Abbas Yushau Yusuf
Governments in Nigeria are synonymous with lack of consistency in implementing policies for the welfare and wellbeing of the people, be they local, state, or federal these governments. When it comes to policy formulation and implementation governments are very passionate in organizing conferences and talk shows for the purpose of impressing the public that they are very serious in solving problems.
One of the sectors Kano is grappling with apart from healthcare and education is transportation. Kano is one of the fastest growing cities in Africa. According to the 2006 population census, the state is the most populous with 9.5 million people. Instead of the city to boast of one of the best transportation systems in Nigeria, the transportation system in the state is one of the worst considering the nature and the population the state is blessed with.
The state has not prepared for a robust transportation system when new settlements are springing with ever increasing population. When Nigeria returned to democracy successive governments did not organize how the transportation system of the state will look like. Government should not shoulder all the responsibilities of how Kano people will be transported to their places of daily routine but it must be responsible for how the people will feel the best when going out from their houses in search of greener pastures every day.
In the late and early nineties the best transportation system for the state then consisted of buses popularly known in local parlance as KIYAKIYA. These are set of ruptured buses carrying passengers in Kano from nooks and crannies of the state emanating from the central nexus at BATA.
Taxis which were plying some roads in the state were then not enough to transport people to their destination. The taxi business started dying with the abandonment of the business by a particular ethnic group in the state, and it has not been revived by indigenous business men of the state. That made the people of Kano to only survive with KIYAKIYA absorbing the heat of the dying vehicle which may have led to the passengers developing hypertension. Moreover the bus conductors were rude youths who had not attended any school and were not trained to respect anybody.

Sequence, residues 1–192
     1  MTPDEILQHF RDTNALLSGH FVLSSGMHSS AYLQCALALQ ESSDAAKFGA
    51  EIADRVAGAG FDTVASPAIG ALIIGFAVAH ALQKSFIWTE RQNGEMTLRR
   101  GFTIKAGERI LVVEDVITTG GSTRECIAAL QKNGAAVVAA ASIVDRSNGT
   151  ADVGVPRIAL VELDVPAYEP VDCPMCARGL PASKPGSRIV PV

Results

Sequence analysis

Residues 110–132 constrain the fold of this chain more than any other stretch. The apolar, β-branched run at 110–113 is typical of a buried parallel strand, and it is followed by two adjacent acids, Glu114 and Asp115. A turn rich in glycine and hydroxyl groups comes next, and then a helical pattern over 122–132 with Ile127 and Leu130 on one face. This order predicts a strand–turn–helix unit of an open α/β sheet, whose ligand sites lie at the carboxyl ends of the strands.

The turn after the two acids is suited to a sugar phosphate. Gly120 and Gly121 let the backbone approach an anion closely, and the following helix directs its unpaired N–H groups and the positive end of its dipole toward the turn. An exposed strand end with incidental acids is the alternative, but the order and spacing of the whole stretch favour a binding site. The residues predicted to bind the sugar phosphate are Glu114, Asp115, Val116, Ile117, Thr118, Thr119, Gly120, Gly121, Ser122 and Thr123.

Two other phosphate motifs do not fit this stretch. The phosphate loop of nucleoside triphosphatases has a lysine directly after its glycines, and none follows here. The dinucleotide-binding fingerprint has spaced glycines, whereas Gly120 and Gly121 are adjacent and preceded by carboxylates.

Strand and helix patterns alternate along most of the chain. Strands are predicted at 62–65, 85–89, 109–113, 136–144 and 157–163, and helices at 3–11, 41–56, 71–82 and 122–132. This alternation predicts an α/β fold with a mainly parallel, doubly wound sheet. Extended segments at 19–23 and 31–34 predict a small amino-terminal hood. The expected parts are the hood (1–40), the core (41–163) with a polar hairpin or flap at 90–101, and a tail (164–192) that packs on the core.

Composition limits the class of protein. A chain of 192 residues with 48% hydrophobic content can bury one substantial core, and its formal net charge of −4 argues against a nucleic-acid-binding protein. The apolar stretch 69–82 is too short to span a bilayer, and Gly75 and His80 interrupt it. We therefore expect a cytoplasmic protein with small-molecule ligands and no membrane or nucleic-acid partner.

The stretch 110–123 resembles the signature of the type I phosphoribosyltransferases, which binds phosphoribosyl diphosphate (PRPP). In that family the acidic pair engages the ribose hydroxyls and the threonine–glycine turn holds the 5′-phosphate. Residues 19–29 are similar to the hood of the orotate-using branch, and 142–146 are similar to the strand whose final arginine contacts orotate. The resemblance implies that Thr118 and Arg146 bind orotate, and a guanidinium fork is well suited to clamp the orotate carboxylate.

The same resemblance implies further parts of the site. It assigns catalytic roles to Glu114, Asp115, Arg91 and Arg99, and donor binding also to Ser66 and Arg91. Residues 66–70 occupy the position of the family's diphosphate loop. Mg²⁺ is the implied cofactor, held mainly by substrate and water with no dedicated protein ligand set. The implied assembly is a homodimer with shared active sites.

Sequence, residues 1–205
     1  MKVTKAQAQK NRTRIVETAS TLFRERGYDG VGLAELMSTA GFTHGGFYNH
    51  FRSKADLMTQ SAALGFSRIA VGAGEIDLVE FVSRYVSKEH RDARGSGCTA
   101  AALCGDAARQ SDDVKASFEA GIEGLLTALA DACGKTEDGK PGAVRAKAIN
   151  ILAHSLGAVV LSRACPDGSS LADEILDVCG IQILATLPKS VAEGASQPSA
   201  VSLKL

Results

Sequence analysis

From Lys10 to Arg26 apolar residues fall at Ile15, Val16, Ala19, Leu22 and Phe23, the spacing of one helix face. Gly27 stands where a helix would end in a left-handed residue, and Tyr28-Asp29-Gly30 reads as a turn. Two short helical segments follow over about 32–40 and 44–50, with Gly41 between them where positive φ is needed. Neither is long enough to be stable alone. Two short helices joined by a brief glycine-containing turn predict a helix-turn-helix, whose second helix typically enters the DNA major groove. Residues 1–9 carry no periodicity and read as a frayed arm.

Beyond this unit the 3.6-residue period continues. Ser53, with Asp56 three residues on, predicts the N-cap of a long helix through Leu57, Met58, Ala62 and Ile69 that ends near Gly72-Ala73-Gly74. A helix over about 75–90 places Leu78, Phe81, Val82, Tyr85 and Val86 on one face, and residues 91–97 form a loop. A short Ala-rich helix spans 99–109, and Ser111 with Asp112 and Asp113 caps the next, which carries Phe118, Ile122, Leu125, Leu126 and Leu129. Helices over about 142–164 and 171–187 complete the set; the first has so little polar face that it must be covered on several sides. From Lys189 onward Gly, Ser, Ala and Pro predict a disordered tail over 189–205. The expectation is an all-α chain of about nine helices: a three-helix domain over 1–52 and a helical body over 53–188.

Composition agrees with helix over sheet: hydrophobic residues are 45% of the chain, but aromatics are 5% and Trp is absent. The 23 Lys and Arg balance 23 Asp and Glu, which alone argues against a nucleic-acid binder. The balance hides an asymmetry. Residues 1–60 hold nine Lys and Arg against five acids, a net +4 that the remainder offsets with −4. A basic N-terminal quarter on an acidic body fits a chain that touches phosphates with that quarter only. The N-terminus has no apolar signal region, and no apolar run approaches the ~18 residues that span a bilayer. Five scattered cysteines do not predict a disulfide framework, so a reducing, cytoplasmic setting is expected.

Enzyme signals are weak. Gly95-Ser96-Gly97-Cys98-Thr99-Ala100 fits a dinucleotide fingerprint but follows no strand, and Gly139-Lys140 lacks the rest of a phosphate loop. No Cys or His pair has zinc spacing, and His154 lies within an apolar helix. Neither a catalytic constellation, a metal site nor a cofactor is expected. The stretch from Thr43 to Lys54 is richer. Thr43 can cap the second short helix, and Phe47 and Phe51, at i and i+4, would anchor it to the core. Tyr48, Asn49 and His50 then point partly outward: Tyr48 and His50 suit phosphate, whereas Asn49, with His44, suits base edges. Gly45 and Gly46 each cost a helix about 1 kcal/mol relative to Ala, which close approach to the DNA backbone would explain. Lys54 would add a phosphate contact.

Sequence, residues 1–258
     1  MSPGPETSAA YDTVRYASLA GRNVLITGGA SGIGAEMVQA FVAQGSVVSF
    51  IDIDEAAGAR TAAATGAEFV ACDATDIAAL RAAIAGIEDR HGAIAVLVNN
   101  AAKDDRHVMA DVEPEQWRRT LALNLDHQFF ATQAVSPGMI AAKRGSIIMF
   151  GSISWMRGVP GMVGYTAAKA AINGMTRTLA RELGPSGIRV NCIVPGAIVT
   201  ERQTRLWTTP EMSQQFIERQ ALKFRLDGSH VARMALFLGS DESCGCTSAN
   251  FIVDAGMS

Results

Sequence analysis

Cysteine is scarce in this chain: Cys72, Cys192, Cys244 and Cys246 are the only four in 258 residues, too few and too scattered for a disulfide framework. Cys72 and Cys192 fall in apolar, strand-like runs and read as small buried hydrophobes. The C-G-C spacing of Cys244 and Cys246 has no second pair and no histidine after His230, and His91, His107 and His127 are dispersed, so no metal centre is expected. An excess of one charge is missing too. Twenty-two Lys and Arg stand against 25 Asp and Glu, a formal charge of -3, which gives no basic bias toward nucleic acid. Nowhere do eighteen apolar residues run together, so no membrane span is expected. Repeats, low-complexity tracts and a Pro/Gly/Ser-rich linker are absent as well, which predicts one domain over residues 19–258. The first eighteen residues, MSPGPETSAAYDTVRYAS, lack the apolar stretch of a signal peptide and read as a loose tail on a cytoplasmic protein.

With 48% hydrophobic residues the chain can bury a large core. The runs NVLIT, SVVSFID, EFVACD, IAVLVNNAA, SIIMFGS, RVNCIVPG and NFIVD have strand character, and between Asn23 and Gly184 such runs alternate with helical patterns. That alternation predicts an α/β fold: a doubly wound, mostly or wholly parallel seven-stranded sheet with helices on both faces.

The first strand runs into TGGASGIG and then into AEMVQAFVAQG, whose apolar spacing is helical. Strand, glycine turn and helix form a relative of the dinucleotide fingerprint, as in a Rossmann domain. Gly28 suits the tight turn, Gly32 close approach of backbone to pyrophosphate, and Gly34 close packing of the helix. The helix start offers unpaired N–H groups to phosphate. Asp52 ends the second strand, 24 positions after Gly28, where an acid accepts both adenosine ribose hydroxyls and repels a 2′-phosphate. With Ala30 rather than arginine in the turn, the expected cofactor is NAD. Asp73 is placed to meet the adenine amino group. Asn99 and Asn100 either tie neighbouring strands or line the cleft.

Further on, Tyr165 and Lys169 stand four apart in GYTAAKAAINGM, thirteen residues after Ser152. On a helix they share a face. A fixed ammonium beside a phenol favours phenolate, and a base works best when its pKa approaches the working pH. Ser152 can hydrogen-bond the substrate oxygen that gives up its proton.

Ban on Achaba
Later came the Okada riders who were riding motorcycles in the state. These folks known as Yan Achaba littered the streets of Kano in less than two decades. Instead of Okada riders to become solution to the state’s transportation crises, they became daily causes of fractured limbs; most accident and emergency units of state hospitals became hosts to Achaba crash victims. As the days go by motorcycle riders became a nuisance to Kano metropolis before they became a total abomination due to insurgency in the year 2012.
Motorcycles were used by insurgents to attack soft targets in the state. That forced Governor Rabi’u Musa Kwankwaso’s administration in January 2013 to offer cogent reasons for abandoning the trade and that led youths who are mostly jobless within the state to resort to another transportation business, which is tricycle known as Adaidaita Sahu.
People welcomed the ban on Achaba but government’s abrupt ending of the business did not provide a plan for the restoration of robust transportation business which all and sundry can patronize in Kano. Instead of graduating to the 21st century transportation business in the state, Kano graduated to another nuisance, leaving the whole lot of masses to suffer with the alternatives of Adaidaita Sahu even though it has led to the provision of Job to teeming youth, some aged men in the state who cannot have a means of living.
In the next few years Kano roads will be hard to occupy with the resurgence of Adaidaita Sahu every day. The government is not serious in regulating their activities not banning them, as there are sources that say the government of Kano is even mulling the idea of banning Tricycle operators, despite the fact that some are using it to perpetrate crime.
Now Adaidata Sahu are plying the metropolitan roads without government knowing their exact number making it easy to carry out crimes with them.
Adaidaita Sahu what is it? Is it not government negligence and failure to checkmate their activities?
Abbas Yushau’u Yusuf, a Kano-based journalist and public affairs commentator can be reached at email@example.com